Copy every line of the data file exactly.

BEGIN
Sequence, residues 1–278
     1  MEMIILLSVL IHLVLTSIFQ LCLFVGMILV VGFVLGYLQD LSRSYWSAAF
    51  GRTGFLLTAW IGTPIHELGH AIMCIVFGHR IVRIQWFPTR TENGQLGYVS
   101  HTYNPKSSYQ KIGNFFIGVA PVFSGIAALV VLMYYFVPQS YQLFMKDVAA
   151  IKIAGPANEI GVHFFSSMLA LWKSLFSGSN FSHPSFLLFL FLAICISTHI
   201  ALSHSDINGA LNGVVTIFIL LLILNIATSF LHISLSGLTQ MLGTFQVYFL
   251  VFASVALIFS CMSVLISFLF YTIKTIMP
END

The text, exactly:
Sequence, residues 1–278
     1  MEMIILLSVL IHLVLTSIFQ LCLFVGMILV VGFVLGYLQD LSRSYWSAAF
    51  GRTGFLLTAW IGTPIHELGH AIMCIVFGHR IVRIQWFPTR TENGQLGYVS
   101  HTYNPKSSYQ KIGNFFIGVA PVFSGIAALV VLMYYFVPQS YQLFMKDVAA
   151  IKIAGPANEI GVHFFSSMLA LWKSLFSGSN FSHPSFLLFL FLAICISTHI
   201  ALSHSDINGA LNGVVTIFIL LLILNIATSF LHISLSGLTQ MLGTFQVYFL
   251  VFASVALIFS CMSVLISFLF YTIKTIMP